EXAMPLE 14 Materials and Methods Example 14A General Methods

RNA was isolated with RNAzol B (Teltest, Friendswood, Tex.) or Trizol (Gibco BRL, Rockville, Md.). Mouse genomic DNA (ë FixII) and liver cDNA (ë ZAPII) libraries were screened using standard procedures (Strong, S. J., et al. [1999] “A Novel Multigene Family Encodes Diversified Variable Regions,” Proc Natl Acad Sci USA 96:15080-15085). DNA sequencing and the analysis of DNA sequences were carried out as described previously (Rast, J. P. et al. [1994] “T Cell Receptor Gene Homologs are Present in the Most Primitive Jawed Vertebrates,” Proc. Natl. Acad. Sci. USA 91:9248-9252). Alignments were constructed using ClustalW 1.8. Identity relationships were examined using BLAST and ALIGN software. Rapid amplification of cDNA ends (RACE) utilized a standard protocol (Mertineit, C., et al. [1998] “Sex-Specific Exons Control DNA Methyltransferase in Mammalian Germ Cells,” Development 125:889-897) or the GeneRacer kit (Invitrogen, Carlsbad, Calif.). The RNA sources for RACE were: human HeLa cells, mouse liver, chicken bursa, Xenopus laevis liver, zebrafish (Danio rerio) liver, 15 hpf sea urchin (Strongylocentotus purpuratus) embryos, and vegetative-stage Giardia lamblia.

Example 14B Genomic Mapping

Human BIVM was mapped using HSMAP5 (CCATGCCTCTCTACTACTCACTCCCAACAC) (SEQ ID NO: 51) and HSMAP6 (GGTAAGAAGAACACCATTGTGTTTGAAGGC) (SEQ ID NO: 52) intronic primers (which correspond to sequence between exon 8 and 9) and the GeneBridge 4 radiation hybrid (RH) panel (Gyapay, G., et al. [1996] “A Radiation Hybrid Map of the Human Genome,” Hum Mol Genet 5:339-346) (Research Genetics, Huntsville, Ala.). Zebrafish BIVM (see below) was mapped using the zfBIVMMAPF1 (CAATGCCTAACACTGTGGAAAGTGAAGGCG) (SEQ ID NO: 53) and zfBIVMMAPR1 (GATAACTGTCGAGCTCGGTTGAGCAGGGC) (SEQ ID NO: 54) primers and the T51 RH panel (Glusman, G., et al. [1996] “Sequence Analysis in the Olfactory Receptor Gene Cluster on Human Chromosome 17: Recombinatorial Events Affecting Receptor Diversity,” Genomics 37:147-160) (Research Genetics). Additional gene mapping data were derived from the Human-Mouse Homology Map and the Mouse Genome Informatics Database (Blake, J. A., et al. and Mouse Genome Database Group [2001] “The Mouse Genome Database (MGD): Integration Nexus for the Laboratory Mouse,” Nucleic Acids Res 29:91-94).

Example 14C Identification of BIVM Orthologs

Mouse BIVM Partial sequence of the mouse BIVM gene was obtained by screening a mouse genomic library with a human BIVM cDNA probe. A mouse BIVM cDNA was recovered by screening a liver cDNA library with a probe corresponding to mouse exon 6.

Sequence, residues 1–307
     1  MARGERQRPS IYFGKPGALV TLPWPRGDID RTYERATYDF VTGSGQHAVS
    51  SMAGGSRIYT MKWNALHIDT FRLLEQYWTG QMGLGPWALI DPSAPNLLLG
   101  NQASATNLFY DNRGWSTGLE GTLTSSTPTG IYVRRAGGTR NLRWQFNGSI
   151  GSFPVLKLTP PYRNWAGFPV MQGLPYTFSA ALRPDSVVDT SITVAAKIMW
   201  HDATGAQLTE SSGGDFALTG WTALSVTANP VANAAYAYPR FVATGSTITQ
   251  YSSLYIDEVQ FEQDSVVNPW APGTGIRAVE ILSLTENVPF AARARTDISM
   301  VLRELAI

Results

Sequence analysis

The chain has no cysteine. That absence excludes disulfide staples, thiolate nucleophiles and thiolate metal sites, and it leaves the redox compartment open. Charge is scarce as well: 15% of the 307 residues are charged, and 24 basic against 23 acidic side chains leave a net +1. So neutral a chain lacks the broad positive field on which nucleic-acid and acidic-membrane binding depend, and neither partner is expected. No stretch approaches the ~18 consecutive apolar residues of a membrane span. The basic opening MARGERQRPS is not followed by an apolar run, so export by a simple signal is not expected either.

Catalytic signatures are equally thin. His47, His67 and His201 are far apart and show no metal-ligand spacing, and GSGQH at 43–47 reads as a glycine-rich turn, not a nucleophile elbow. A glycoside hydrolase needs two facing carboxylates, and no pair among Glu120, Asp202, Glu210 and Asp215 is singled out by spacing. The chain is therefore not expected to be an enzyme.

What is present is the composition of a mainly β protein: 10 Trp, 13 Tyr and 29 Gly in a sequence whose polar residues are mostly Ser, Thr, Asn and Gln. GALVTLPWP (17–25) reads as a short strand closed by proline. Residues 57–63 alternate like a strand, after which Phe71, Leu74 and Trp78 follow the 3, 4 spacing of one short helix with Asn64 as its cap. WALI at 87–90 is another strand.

Chicken BIVM tBLASTn searches using the human BIVM sequence identified a chicken (Gallus gallus) bursal EST (GenBank AJ399198) encoding an avian ortholog (BIVM). RACE strategies identified a complete open reading frame cDNA. A single RNA-splicing variant, which encodes an additional 23 amino acids, also has been sequenced (GenBank AF411388; data not shown).

Xenopus XBIVM Partial Xenopus laevis XBIVM sequence was identified as an oocyte EST (GenBank BF047666) using tBLASTn searches with the human BIVM sequence. RACE strategies resolved a complete open reading frame cDNA.

Zebrafish BIVM Touchdown PCR (Don, R. H., et al. [1991] “‘Touchdown’ PCR to Circumvent Spurious Priming During Gene Amplification,” Nucleic Acids Res 19:4008) and nested degenerate primers, designed with CODE-HOP software (Rose, T. M., et al. [1998] “Consensus-Degenerate Hybrid Oligonucleotide Primers for Amplification of Distantly Related Sequences,” Nucleic Acids Res 26:1628-35), were used to amplify BIVM cDNA fragments from zebrafish liver. Primers for the primary PCR were designed to amplify the coding sequence between the amino acid motifs GNTTLMWRF and YFCPIGFEA; primers for the nested PCR were designed to amplify the sequence between motifs WFRQINDHF and YRHQNHYFCP. PCR products of the expected size were gel purified, cloned and sequenced. Full-length clones were derived by RACE.

Sea urchin SpBIVM A fragment of the sea urchin SpBIVM cDNA was recovered from 20 hpf embryo cDNA using nested PCR as described for zebrafish. RACE strategies identified a 1,899 nucleotide coding region that corresponds to the complete open reading frame of BIVM from other species; as of yet it has not been possible to identify a stop codon.

Giardia lamblia BIVM-like The Giardia lamblia BIVML sequence was initially identified with a tBLASTn search of the High Throughput Genomic (HTGS) database with the human BIVM sequence. BIVML is encoded in four overlapping genomic clones (clone KJ1556, GenBank #AC049185; clone MJ4898, GenBank AC083097; clone EJ2770, GenBank #AC038625; and clone KI0613, GenBank #AC046875). RACE was used to identify the complete, 2,045 nucleotide cDNA.

Example 14D Transient Transfections

The coding region of human BIVM was cloned into pcDNA3.1/V5-His TOPO (Invitrogen) in order to generate pBIVM-N2, which encodes a BIVM-V5 fusion protein (the V5 epitope is at the C terminus). A similar construct, pBIVM-K1, was generated in which the translational start sequence was modified in order to increase protein synthesis, as described in Kozak, M. [1996], “Interpreting cDNA Sequences: Some Insights from Studies on Translation,” Mamm. Genome 7:563-574. Both of these constructs were then subcloned into pIRES2-EGFP (Clontech, Palo Alto, Calif.) to create pBIVM-N2/EGFP and pBIVM-K1/EGFP, which produced recombinant BIVM and EGFP from the same plasmid. Cos7 cells (˜60% confluent) were transiently transfected with expression constructs using the GENEJAMMER™ transfection reagent according to manufacturer's instructions (Stratagene, La Jolla, Calif.).